Should You Market Your Book to Other Authors?

As so often happens, someone says something on Twitter and it ends up inspiring a blog post. For today, that “something” was said months ago, so I can’t find it to embed it here. But it was tweeted by an author and it went something like this:

“Why do authors market to me? I’m an author, too. Shouldn’t they try to sell books to READERS and not their competition?”

And as usual, lots of people click the fave star and reply with “I know, right!”

I agree that many, many authors market on twitter like doing robo-calls. There are accounts set up to incessantly post the same advertising tweet  every hour on the hour. They aren’t specifically trying to market to any group. They’re just hoping someone, anyone, notices. Do they know that most people have them blocked? I don’t know. But, we all agree they are annoying and should think of a better (more personal) way to market.

But, yes, some authors do try to sell their book specifically to other authors. Why? Because authors are readers. Are you not?

In 2013, before I began any serious attempt at becoming an author, I read maybe three or four books that year. The only reason I read those was to share the experience with my daughter. I read for her, not necessarily for me. I had a passion for books, but mainly children’s books, and again… mainly because I could share the experience of reading with my children. I just didn’t think about reading for my own pleasure because it had been so long since I had.

In 2014, I began writing a novel. I read more and more often as time went on and now find myself reading other people’s work nightly. And I don’t just read any old book. I specifically seek out self-published authors who write similar themes to what I am working on. I read to become familiar with the genre I’m writing and the other authors in that category. Most importantly, I read these types of books to practice what I preach: that people should seek out gems which are not fed to them by bestseller lists or paid advertising.

Of all the people in the world, new self-published authors should be marketing to people like me. I know what it’s like to be self-published and try to prove I can write a book worth reading. I am willing to take a chance on books others may shun until enough reviews come in. I am only this way now, as an author, but would not have been a couple of years ago despite my love for books.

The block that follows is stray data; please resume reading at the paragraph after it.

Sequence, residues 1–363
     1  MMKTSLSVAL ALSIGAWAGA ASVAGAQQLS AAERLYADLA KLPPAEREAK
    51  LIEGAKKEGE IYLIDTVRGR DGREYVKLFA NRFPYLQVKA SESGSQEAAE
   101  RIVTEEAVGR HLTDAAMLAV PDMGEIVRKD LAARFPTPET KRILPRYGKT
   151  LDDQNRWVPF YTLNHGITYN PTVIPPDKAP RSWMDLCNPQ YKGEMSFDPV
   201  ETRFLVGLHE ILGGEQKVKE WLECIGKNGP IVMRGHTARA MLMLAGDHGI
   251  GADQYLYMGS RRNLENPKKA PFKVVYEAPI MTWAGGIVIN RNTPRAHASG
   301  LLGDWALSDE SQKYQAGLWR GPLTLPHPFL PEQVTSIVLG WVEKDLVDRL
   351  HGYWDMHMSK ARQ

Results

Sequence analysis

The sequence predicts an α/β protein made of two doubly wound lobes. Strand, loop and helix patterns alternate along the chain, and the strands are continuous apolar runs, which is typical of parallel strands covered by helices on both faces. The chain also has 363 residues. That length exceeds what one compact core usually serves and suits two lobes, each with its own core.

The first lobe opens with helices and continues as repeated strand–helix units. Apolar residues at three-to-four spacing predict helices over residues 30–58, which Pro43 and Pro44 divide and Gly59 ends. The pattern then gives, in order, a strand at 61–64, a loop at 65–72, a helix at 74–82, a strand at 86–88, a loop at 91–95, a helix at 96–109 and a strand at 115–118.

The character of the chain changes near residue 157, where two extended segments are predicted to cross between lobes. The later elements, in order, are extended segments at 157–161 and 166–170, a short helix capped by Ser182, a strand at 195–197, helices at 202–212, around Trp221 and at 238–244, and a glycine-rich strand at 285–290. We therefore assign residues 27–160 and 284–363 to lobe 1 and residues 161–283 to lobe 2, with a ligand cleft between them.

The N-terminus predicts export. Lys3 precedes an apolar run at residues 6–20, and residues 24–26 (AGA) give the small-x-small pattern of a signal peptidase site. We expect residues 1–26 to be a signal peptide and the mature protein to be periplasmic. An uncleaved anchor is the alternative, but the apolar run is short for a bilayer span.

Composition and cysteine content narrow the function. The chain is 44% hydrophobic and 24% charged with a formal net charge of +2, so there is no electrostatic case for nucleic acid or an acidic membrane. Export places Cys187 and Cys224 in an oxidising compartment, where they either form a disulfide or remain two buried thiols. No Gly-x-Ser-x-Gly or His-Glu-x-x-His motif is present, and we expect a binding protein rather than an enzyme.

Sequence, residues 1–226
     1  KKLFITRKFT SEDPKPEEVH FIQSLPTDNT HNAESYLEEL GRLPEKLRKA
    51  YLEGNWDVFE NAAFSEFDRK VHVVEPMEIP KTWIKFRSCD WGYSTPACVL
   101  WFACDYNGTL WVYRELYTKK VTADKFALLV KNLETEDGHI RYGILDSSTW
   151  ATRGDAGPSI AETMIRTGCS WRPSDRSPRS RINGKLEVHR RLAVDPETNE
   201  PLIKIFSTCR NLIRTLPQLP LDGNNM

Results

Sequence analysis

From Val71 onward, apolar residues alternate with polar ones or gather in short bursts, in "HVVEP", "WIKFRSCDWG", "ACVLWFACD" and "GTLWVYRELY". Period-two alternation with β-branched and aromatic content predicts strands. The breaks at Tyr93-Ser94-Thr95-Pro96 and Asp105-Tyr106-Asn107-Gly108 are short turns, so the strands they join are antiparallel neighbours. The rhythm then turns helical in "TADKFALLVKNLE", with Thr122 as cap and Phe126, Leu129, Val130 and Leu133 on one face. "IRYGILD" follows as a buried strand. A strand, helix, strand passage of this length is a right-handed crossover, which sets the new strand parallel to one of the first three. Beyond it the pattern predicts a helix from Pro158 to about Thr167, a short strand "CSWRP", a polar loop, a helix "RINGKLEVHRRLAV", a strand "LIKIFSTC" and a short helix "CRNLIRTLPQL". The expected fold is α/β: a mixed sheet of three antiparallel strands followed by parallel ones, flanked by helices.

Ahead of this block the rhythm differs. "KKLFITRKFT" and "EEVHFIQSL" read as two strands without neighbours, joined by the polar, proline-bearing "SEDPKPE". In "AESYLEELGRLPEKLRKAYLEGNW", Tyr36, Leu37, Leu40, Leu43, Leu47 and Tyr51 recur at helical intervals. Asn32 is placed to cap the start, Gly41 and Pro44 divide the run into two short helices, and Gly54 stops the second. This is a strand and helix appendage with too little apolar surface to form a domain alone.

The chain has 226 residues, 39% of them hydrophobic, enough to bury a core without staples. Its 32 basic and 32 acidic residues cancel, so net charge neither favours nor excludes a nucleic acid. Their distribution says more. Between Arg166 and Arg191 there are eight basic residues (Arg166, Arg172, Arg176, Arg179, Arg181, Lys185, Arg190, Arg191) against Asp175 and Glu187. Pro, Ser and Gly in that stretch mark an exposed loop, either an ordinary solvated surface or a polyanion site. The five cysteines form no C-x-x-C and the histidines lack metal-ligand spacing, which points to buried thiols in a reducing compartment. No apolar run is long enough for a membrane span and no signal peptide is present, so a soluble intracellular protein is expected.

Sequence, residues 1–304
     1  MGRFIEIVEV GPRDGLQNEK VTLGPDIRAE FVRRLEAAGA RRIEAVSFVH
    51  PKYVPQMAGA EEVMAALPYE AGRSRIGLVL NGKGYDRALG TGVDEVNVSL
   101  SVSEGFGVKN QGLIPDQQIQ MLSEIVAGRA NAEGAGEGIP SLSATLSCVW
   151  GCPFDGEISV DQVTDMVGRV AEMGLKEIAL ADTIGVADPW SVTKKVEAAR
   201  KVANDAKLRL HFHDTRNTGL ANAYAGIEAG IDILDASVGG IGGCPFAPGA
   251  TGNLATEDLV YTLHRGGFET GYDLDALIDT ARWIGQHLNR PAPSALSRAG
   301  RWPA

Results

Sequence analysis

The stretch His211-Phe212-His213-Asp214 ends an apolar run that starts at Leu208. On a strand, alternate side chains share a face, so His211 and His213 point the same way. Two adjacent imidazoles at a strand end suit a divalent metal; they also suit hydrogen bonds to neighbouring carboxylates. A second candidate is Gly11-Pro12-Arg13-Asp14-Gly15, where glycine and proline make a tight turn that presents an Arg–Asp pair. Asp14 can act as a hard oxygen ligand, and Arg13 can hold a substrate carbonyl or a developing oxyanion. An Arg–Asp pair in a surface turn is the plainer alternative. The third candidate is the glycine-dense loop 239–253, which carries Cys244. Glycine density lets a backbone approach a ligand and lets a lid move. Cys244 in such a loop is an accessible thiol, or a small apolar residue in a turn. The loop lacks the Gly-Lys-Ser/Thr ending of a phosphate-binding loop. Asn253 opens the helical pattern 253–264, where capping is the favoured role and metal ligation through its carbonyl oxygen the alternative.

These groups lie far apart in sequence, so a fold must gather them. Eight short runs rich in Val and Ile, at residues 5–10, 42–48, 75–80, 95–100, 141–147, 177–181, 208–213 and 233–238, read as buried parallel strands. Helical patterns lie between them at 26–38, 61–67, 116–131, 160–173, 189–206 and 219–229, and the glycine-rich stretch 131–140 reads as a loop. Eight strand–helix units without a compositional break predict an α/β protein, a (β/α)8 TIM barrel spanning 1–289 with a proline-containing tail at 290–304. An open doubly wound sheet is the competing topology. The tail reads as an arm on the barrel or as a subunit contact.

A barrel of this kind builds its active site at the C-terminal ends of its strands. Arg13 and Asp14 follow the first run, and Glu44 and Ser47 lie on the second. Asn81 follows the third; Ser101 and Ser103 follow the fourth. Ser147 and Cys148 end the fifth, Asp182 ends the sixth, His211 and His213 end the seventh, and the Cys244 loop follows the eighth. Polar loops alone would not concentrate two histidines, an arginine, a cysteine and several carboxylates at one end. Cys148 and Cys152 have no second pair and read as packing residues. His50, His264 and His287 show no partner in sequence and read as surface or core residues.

Why shouldn’t authors market to me? Perhaps those in agreement with the tweet believe that I won’t buy a competitor’s book. I’m still not sure what we are competing for, and is there only going to be one winner? That’s just not how the industry works.

If someone has written a book similar to mine, though it might technically be my competition, most likely I will want to read it. The reason for this is simple: If I spent months (maybe years) writing about a subject, chances are it interests me. Also, anyone who has taken the time to buy my book on that subject is obviously interested in that subject as well. They may also buy this other author’s book and I’m okay with that. People don’t just read one book and stop.

It’s just cattiness and makes me think of listening to my girls talk over each other for attention, which promptly turns into them criticizing everything each other says. It’s the descent from “I want to be noticed” to looking at peers and saying “You’re so stupid for thinking I’ll notice you.”

Which is a strange marketing strategy. Because, on the one hand, some authors might fall for it and stop marketing their books to authors for fear of being called out for it. So, competitors are silenced, right? (At least in that particular author’s circle.) But at the same time, trying to silence other authors is not, in itself, a good way to sell your own books.

Or perhaps it works for you. Whatever.

Suffice it to say, I count other authors and writers as friends in the same boat. I trust their opinions and support their efforts to write great stories. I’m not alone in this belief and support, and I value the other authors who have done the same for me. If you don’t have other authors on board with your efforts, you are missing a valuable asset. And if you are shutting out new authors because you already formed your perfect clique, please send those new authors my way. Please, please, please and thank you.


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